Here , and denote the size of susceptible, exposed, infectious population at time t, respectively. is the growth rate of population, is the natural death rate of the population, is the rate of the efficient contact, and are the recovery rates of infectious population and exposed population, respectively, is the disease-related death rate and is the rate of developing infectivity at time t.
The organization of this paper is as follows. In the next section, we present preliminaries setting and propositions, which we use to analyze the long-time behavior of system (1.1) in the following sections. In Section 3, we establish the extinction of the disease of system (1.1). In Section 4, we will discuss the permanence of the infectious population. Our results are verified by numerical simulations in Section 5.
In this section, system (1.1) satisfies the following assumptions:
(H1): The functions are nonnegative, bounded and continuous on and .
(H2): There exist positive constants such that
Adding all the equations of model (1.1), then we have
Let be the total population in system (1.1) with the initial value . We denote by the solution of
with initial value (1.2), and denote by the solution of
with initial value (1.2). Then
By  , we have the following result:
Lemma 2.1. Suppose that assumptions (H1) and (H2) hold. Then:
(i) there exist positive constants and , such that
(ii) the solution of system (1.1) with the initial value (1.2) exists, is uniformly bounded and for all . For the solution of system (1.1), we define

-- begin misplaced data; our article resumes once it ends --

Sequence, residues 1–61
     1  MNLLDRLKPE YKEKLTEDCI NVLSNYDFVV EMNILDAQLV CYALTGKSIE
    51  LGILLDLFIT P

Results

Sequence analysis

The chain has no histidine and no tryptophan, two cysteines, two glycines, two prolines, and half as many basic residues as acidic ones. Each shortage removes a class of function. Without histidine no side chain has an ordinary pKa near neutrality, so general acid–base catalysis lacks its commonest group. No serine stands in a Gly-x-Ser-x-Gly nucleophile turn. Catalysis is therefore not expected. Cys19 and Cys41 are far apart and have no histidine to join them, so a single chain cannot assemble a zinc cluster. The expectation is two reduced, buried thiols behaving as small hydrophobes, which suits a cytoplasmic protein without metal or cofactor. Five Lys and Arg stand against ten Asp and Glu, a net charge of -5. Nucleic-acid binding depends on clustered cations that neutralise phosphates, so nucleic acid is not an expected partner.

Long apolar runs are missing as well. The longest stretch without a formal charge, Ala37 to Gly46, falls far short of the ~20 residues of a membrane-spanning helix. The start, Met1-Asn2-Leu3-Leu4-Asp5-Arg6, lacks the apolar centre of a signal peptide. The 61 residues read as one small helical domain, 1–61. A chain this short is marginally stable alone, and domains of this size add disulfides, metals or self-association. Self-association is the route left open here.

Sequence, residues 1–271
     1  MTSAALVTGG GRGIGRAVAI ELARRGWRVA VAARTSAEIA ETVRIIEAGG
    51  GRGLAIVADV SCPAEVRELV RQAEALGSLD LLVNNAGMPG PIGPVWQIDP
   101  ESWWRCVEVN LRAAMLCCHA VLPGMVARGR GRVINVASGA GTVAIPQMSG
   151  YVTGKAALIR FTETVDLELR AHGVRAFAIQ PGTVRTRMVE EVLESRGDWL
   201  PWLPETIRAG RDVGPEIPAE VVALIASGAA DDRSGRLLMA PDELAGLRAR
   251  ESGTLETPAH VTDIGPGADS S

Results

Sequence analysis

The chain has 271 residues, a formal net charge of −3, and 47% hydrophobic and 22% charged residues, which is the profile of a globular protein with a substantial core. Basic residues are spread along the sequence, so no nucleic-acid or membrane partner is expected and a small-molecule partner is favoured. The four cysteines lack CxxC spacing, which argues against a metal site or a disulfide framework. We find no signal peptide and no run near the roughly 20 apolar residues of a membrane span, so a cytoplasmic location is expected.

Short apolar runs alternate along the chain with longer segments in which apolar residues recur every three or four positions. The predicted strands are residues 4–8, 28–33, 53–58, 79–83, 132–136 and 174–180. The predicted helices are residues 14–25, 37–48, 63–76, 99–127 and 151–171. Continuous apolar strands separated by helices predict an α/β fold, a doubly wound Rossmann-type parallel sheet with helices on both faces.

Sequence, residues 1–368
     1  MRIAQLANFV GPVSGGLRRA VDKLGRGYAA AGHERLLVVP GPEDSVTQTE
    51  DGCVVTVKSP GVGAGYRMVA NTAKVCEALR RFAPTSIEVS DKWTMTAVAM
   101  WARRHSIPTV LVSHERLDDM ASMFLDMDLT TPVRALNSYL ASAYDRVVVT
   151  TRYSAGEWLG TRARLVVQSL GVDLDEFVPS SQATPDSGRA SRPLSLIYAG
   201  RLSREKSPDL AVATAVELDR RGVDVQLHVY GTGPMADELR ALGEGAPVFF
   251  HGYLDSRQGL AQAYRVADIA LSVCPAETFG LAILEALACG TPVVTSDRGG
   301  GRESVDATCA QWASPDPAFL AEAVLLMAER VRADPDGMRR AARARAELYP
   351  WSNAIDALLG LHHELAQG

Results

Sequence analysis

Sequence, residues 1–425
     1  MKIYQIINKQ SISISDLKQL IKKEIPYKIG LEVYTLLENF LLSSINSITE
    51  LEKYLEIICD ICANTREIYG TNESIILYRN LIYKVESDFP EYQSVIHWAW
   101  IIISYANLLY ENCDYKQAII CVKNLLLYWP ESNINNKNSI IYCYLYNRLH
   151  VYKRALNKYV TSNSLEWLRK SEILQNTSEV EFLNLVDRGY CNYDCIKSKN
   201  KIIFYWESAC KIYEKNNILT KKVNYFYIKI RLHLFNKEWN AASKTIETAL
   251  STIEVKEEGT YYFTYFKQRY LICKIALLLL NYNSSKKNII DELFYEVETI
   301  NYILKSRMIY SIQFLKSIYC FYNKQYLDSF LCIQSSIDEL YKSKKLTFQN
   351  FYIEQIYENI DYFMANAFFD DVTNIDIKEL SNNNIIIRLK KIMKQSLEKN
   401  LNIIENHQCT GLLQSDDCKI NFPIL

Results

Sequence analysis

for , . In Sections 3 and 4 we use the following lemma in order to investigate the longtime behavior of system (1.1).
Lemma 2.2. If there exist positive constants and such that for all , then there exists such that or for all .
Proof: Suppose that there does not exist such that or for all . So we have
Substituting (2.5) into (2.6), we have
From Lemma 2.1, we have and , so , which is a contradiction with for all . The proof is completed.
3. Extinction of Infectious Population
In this section, we obtain conditions for focus on the extinction of the infectious population of system (1.1).
Theorem 3.1 Suppose that assumptions (H1) and (H2) hold. If there exist , and such that
and for all , then infectious population in system (1.1) is extinct. i.e.
Proof: From Lemma 2.2, we consider the following two cases:
(i) for all ;
(ii) for all .
First, we consider the cases (i). From the second equation of system (1.1), we have
So we have
for all . From (3.1), we see that there exist constants and such that
for all . From (3.3) and (3.4), we obtain . Therefore, it follows from , that . Now we consider the case (ii). From for all and the third equation of (1.1), we have
Then the following expression
for all hold. Hence, by (3.2), there exist and such that